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Netlify redirects and SEO

I’ve tried my best to find information on this topic online, but it doesn’t seem to cover what I’m looking for.

Ideally, we want to achieve two things:

  1. redirect the .html versions to the pretty URL non HTML versions, e.g. /contact.html to /contact.
  2. redirect trailing slash version to non trailing slash version, e.g. /contact/ to /contact (or vice versa).

I understand we can use canonical headers or HTML tags to point Google to the preferred URL. The outcome of this is Google should group those URL’s together as the same content, and attribute the rank power to them as a group, displaying only the preferred one in Google. However many in the SEO community seems to be in agreement that although according to Google this is the way to avoid issues with duplicate content, in practise Google doesn’t always apply these rules consistently and will sometimes end up indexing multiple URLs to the same page, therefore splitting rank power between them and damaging SEO. With this in mind, 301 redirecting is better to eliminate the risk.

I also dislike Netlify’s view that ‘if you don’t want Google to find these then don’t link them anywhere’. This is very close to ‘security through obscurity’, and it would be far better to eliminate the risk by redirecting, then to simply have to assume that link will never be found or shared.

So, I have a few questions:

  1. Is the above redirect rules possible in Netlify, and does Netlify have a reason for not recommending redirects as I mention above. I saw reference to Netlify saying something regarding cache hit rate, but what does this mean in practise?

  2. Regarding the netlify.app site, are we able to password protect this, but leave the custom domain version live, either via access control or HTTP Basic Authentication? Again, we want to avoid this ever being publicly accessible especially by Google.

  3. What are the reasons Netlify doesn’t allow you to disable this netlify.app URL? It does seem odd to not have the choice. I know Netlify say it’s for testing purposes, but why not just give us the choice?

I’m already sold on the platform, and I want to move a load of websites to Netlify for hosting, but I just can’t do this until we know SEO efforts will not be effected.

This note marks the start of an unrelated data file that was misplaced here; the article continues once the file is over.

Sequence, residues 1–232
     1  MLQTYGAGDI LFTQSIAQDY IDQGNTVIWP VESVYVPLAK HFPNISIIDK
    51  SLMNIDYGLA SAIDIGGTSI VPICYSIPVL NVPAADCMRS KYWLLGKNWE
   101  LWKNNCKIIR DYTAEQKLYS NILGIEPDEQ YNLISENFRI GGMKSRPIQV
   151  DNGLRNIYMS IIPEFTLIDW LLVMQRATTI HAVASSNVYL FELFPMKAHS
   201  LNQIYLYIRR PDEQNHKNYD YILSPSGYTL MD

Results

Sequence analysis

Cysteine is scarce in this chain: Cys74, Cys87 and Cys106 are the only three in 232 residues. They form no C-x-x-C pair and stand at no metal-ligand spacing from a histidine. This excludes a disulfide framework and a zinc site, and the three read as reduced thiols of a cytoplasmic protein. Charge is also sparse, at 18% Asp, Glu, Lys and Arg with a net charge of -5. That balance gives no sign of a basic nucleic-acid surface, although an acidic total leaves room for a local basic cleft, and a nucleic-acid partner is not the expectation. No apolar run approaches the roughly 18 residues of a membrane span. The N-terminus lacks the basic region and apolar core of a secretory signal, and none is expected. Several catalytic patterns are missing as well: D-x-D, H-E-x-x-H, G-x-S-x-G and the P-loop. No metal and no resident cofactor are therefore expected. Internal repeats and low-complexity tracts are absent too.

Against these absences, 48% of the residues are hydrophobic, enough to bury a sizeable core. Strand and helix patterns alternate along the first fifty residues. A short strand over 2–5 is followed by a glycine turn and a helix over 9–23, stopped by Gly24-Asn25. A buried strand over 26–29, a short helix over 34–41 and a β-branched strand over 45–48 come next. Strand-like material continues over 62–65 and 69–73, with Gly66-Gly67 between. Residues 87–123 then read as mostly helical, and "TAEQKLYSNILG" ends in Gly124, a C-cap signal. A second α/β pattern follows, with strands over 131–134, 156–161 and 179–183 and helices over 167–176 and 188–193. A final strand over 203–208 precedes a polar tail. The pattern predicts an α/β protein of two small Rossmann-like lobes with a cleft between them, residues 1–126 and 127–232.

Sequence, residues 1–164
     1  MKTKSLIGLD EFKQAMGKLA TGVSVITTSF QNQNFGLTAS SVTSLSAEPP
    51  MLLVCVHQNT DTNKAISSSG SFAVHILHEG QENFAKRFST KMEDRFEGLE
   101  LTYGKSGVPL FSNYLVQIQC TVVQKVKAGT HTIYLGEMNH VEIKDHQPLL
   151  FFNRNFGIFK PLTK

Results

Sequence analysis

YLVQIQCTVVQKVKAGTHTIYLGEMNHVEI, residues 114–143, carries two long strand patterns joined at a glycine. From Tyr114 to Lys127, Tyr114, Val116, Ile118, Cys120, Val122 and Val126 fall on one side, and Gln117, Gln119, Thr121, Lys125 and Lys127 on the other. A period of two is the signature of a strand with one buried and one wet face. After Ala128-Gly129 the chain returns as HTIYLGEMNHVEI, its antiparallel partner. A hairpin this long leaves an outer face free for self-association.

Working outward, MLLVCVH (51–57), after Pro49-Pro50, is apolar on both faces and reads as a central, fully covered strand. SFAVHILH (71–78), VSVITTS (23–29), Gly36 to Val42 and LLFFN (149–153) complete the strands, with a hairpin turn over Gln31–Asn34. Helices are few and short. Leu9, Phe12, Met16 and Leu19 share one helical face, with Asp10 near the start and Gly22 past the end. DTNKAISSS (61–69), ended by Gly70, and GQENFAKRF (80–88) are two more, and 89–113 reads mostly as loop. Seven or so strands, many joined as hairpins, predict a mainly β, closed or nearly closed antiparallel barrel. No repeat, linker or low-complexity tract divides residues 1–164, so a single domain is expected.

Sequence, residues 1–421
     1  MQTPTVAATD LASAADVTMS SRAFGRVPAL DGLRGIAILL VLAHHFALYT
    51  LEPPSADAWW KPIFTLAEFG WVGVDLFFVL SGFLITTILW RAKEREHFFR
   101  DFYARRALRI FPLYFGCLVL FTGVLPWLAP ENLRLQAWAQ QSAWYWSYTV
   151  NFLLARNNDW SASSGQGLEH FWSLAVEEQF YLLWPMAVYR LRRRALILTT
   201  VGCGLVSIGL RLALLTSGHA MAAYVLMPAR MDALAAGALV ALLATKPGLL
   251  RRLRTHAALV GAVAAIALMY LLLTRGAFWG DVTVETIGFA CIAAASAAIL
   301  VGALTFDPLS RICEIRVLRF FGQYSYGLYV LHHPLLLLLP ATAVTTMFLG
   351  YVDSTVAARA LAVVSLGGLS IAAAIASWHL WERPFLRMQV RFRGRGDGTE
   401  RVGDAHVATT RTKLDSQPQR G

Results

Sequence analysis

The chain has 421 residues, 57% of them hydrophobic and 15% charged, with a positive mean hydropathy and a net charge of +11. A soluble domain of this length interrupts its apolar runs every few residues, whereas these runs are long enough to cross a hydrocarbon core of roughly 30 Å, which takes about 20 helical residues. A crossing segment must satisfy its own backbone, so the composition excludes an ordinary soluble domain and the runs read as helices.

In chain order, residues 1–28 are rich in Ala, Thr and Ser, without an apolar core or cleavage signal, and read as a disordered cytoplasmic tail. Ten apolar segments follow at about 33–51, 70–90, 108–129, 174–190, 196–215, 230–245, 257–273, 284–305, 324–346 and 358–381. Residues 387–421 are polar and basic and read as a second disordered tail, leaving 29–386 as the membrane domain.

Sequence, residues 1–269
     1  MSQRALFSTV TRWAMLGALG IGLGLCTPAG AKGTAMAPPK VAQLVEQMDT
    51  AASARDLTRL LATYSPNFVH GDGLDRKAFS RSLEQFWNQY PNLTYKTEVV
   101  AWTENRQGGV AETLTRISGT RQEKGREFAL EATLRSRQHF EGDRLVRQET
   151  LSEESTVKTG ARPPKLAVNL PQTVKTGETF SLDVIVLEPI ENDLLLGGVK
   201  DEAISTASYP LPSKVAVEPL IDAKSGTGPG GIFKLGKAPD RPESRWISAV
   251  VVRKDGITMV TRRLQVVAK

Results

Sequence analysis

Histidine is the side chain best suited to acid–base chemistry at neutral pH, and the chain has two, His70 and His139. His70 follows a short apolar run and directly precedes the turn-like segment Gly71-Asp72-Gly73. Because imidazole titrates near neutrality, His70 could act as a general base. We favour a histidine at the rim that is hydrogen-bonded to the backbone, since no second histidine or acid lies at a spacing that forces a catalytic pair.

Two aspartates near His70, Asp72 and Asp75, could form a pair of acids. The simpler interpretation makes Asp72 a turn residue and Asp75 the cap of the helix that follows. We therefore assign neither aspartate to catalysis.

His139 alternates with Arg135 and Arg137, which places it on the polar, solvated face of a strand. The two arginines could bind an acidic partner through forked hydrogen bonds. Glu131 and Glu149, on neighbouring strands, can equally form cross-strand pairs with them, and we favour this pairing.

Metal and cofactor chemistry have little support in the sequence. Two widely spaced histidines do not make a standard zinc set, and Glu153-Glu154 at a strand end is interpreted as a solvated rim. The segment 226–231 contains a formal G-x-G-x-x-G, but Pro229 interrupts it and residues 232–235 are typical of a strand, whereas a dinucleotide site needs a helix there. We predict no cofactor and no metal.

Or - am I wrong? And if I make sure on all pages they have a self referencing canonical tag to the URL of my choice… e.g. /contact (without .html and without trailing slash), there is no chance Google will rank anything but my preferred URL? The reason I’m hesitant to trust this is it leaves you at the mercy of Google rather then controlling the outcome yourself. And unless ‘no chance’ means ‘no chance’, then you’re not able to reliably control the outcome and that is an issue.

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Hey there, @DanielFew :wave:

Thanks so much for reaching out and writing such a detailed post. I want to assure you we haven’t forgotten about your questions. I have looped in one of our Support Engineers who has a deep knowledge of redirects and will be able to answer with more depth than I am capable of. Stay tuned!

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Thanks @hillary that’s great!

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Hey @DanielFew, saw your question in our Helpdesk a little earlier. I send a response but, for posterity, here’s the resources which I think will help you (and others) find the answers you need:

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Hey there @DanielFew :wave:

I second @Scott and recommend you read those guides! I’ll do my best to direct-answer your questions above, but you ought to read through everything else as to the ‘why’ behind it.